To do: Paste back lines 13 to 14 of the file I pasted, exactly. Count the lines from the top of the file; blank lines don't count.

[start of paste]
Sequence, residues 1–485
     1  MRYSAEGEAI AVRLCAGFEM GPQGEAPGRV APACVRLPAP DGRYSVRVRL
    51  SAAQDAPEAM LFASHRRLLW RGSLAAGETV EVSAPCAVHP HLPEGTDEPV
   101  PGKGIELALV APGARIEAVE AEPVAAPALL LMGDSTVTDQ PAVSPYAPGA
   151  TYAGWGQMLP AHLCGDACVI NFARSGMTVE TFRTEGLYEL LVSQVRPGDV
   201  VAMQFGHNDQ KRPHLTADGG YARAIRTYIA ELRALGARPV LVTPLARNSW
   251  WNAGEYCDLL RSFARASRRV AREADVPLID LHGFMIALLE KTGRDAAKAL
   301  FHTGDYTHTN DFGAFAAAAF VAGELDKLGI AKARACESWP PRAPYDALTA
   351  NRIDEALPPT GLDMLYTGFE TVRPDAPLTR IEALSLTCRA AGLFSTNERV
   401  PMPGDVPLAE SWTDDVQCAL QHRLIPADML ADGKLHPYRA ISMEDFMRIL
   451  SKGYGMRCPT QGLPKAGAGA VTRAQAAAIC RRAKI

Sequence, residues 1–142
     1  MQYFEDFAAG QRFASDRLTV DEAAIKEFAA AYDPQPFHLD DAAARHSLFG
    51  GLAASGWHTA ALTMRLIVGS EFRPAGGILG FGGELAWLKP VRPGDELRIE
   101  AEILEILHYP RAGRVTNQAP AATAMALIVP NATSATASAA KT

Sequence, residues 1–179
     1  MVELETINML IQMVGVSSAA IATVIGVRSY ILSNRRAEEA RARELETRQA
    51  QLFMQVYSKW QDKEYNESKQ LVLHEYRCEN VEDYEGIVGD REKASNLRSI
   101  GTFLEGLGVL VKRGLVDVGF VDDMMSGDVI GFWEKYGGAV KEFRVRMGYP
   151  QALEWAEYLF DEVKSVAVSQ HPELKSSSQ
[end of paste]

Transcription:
     1  MQYFEDFAAG QRFASDRLTV DEAAIKEFAA AYDPQPFHLD DAAARHSLFG
    51  GLAASGWHTA ALTMRLIVGS EFRPAGGILG FGGELAWLKP VRPGDELRIE